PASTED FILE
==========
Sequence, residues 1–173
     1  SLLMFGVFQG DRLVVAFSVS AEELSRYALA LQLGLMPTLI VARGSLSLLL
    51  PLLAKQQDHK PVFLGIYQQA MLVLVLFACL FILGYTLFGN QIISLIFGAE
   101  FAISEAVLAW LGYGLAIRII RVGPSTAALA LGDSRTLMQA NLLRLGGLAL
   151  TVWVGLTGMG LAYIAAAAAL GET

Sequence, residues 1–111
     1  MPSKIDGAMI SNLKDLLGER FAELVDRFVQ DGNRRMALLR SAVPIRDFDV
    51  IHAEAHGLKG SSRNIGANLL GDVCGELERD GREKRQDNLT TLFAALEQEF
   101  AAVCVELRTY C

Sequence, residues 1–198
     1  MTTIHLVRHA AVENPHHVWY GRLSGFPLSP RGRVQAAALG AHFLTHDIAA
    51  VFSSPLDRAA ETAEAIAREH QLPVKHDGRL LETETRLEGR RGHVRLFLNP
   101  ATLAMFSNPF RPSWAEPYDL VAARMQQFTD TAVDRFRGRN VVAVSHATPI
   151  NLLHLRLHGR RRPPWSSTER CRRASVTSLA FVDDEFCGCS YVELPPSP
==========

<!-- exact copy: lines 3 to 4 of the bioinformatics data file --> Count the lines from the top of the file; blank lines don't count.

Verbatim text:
    51  PLLAKQQDHK PVFLGIYQQA MLVLVLFACL FILGYTLFGN QIISLIFGAE
   101  FAISEAVLAW LGYGLAIRII RVGPSTAALA LGDSRTLMQA NLLRLGGLAL